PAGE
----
After touring Garfield’s house, we drove about 20 miles into Cleveland to Lake View Cemetery to see his tomb. (A couple weeks later we received a souvenir of this drive in the form of a red-light camera ticket that cost us $100.) We parked behind a car that was festooned with liberal bumper stickers. I was making fun of them as we got out of the car. Just then, the owner of the car came along. He noticed our Illinois plates and started a mostly-one-sided conversation as though we were the best of friends. Among other things, he tried to talk us into an architectural tour of the cemetery with him and his wife. He walked with us to the tomb and we didn’t lose him until his wife intercepted him on the stairs.
We walked inside the main floor, to a room with a statue of Garfield surrounded by stained-glass windows and mosaics. A guy came in and gave us a talk on Garfield and the tomb. Each of the windows represents a different state.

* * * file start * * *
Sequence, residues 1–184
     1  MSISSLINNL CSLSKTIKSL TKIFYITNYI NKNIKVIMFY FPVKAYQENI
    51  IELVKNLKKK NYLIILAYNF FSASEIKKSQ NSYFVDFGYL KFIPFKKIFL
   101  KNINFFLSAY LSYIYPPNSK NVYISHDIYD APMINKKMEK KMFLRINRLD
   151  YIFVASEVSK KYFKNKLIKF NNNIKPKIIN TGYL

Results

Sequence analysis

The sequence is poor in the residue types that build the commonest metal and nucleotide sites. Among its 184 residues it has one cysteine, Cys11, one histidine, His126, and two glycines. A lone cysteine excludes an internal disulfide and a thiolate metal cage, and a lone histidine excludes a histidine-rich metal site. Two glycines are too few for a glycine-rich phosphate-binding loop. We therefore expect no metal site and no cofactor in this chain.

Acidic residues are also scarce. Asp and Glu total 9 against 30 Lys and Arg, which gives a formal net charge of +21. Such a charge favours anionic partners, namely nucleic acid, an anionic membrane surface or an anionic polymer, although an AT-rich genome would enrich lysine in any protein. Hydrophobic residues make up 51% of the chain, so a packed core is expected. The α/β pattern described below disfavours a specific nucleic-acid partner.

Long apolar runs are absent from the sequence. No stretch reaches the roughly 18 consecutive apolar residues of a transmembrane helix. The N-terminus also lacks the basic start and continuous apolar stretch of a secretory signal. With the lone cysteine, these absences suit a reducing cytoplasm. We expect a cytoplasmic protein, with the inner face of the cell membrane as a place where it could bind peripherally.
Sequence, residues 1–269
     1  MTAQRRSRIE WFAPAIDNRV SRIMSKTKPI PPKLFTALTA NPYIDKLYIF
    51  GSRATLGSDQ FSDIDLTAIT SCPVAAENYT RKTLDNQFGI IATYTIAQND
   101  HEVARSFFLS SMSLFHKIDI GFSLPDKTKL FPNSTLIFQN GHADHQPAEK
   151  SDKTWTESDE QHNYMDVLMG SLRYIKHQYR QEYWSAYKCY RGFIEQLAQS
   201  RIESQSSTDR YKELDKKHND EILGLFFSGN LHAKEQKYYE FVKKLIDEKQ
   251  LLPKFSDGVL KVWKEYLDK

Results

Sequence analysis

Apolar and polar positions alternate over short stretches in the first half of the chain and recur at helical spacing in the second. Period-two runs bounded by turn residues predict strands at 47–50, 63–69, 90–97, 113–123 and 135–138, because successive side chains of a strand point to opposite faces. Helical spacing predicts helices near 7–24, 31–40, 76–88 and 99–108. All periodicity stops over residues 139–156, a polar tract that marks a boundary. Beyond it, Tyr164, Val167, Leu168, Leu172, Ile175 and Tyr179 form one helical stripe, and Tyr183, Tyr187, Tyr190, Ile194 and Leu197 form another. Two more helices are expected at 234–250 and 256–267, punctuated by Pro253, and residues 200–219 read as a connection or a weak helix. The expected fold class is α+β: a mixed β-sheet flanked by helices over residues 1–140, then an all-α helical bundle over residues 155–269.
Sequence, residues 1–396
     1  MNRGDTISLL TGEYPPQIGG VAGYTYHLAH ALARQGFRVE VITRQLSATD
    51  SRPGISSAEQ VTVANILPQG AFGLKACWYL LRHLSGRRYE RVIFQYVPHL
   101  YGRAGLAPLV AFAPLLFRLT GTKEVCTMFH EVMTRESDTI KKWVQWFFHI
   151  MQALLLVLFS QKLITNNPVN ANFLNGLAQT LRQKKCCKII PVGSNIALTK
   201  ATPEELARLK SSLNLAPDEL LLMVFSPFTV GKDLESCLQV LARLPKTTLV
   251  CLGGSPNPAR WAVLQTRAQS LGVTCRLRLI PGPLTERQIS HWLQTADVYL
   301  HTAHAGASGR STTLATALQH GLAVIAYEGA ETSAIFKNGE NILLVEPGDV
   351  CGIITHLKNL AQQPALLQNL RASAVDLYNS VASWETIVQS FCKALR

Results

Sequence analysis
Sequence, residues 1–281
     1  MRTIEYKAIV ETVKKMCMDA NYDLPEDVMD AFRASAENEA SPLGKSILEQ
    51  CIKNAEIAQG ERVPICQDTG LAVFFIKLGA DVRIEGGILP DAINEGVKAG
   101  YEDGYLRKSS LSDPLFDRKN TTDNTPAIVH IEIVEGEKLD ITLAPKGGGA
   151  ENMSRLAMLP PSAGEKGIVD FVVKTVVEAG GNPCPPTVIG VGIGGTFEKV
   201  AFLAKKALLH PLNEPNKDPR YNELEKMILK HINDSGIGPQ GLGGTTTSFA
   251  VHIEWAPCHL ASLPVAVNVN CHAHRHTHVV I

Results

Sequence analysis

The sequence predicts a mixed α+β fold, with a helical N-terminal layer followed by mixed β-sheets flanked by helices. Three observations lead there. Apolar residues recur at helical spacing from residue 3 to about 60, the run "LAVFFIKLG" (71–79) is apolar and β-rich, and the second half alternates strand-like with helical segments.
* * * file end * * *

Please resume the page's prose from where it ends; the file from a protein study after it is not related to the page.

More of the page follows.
We walked downstairs to the crypt where the caskets of James and Lucretia sit. The urns hold the remains of their daughter Mollie and her husband Joseph Stanley-Brown.
We then climbed the winding steps to the second level where we could look down on Garfield’s statue.
We thought the mural of Garfield’s murder which was painted above the stairs was a bit morbid.
Then up again to the balcony that looks out over Cleveland and Lake Erie.
The outside of the building was Gothic in style and atmosphere. It had a series of relief sculptures of incidents in Garfield’s life.
Sally thought the entire structure was a bit scary.
I thought the scariest thing was the placement of this wasp nest.